ROME – Catholics are affected by the coronavirus in the same ways as everyone else, but since the Church is sui generis, it’s also having some unique implications for ecclesiastical life. In some cases well-established patterns are being reawakened, and in others the scare is creating unprecedented ironies.

Here’s a brief traipse through the Catholic ripples of the pandemic as they stand now, as seen from Rome.

How about Holy Week?

On Saturday evening, the Prefecture of the Papal Household, which generally handles the logistics of public papal events, posted a note on its web page about Holy Week. It read:

“The Prefecture of the Papal Household is concerned to communicate that, because of the current international health emergency, all of the liturgical celebrations of Holy Week will take place without the physical presence of the faithful.”

At 11:30 p.m., Vatican News, an official news site of the Vatican, posted the note on its Facebook page, and from there it was off to the races in terms of news agencies around the world picking it up.

Among many reporters who cover the Vatican, it was a matter of consternation that such seemingly major news was broken not in an official communique but rather on the site of a Vatican office generally consulted only by people looking for tickets to see the pope. The way it was handled sowed doubt about how official the news actually was.

(As a footnote, I’m forever edified by colleagues here who still manage to get upset about such meltdowns. God help me, but long ago I resigned myself to much lower expectations.)

Early Sunday afternoon we finally got an official statement, and, frankly, it raised at least as many questions as it answered. Here’s what Vatican spokesman Matteo Bruni said:

“Relative to the liturgical celebrations of Holy Week, I can specify that they’re all confirmed. Given the actual situation, modalities of implementation and participation are being studied which respect the security measures imposed for avoiding the spread of the coronavirus. Those modalities will be communicated as soon as they’re defined, in line with the evolution of the epidemiological situation.”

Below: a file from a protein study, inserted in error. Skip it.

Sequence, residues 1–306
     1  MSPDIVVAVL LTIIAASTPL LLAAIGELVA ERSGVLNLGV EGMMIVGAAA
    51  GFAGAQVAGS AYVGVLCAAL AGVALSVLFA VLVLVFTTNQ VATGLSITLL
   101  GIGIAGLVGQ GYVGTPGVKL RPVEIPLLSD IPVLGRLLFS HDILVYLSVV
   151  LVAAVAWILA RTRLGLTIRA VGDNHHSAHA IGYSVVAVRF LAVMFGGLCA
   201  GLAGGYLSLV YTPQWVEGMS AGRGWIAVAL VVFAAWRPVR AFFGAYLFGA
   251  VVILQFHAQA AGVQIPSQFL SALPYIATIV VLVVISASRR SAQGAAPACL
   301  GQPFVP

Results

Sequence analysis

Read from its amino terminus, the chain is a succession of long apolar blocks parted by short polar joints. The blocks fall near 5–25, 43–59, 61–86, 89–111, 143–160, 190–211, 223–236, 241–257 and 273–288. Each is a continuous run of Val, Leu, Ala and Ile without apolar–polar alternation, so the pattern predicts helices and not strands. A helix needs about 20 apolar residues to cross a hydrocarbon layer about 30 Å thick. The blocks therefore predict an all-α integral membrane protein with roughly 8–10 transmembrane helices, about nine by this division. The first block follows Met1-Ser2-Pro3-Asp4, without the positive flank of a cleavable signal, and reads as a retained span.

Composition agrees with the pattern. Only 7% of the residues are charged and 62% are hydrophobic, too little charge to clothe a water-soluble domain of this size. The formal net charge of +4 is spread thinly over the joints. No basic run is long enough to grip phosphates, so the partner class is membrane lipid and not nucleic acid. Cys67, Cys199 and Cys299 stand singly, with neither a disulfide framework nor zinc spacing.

So, what does that mean? Is the idea that there still could be a public presence if things get better by Holy Week? Or, as many Vatican-watchers seem to think, does the word “participation” in the statement refer mostly to the possibility of cardinals, bishops and priests concelebrating with the pope, rather than opening things up to ordinary believers?

Bruni didn’t say, and so we don’t really know. Trying to evaluate what might happen brings us to ripple number two …

The Pope’s Team Pushes Back

Italy is in the middle of a nationwide lockdown, with all restaurants, bars, pubs, coffee shops, and most businesses closed – only supermarkets, pharmacies, and a handful of other “essential” services remain open. Last Thursday, the Diocese of Rome announced that all churches in town would be closed in keeping with those security measures.

The next morning, however, Pope Francis began his daily Mass by proclaiming that “not all drastic measures are good,” and insisting that the “holy faithful people of God” must not be left alone. Just a couple of hours later, after Cardinal Angelo De Donatis, the Vicar of Rome, spoke with Francis, he reversed himself and announced that parish churches can stay open, trusting the “mature consciences” of the faithful to decide whether to go.

That same day, a lengthy WhatsApp message by Father Yoannis Lahzi Gaid, a Coptic Catholic who serves as a personal secretary to Pope Francis, was sent to priest friends of his in Rome. Since it’s unlikely a papal secretary would broadcast a message that undercuts his boss’s view of things, most pastors assumed it reflected the pope’s thinking.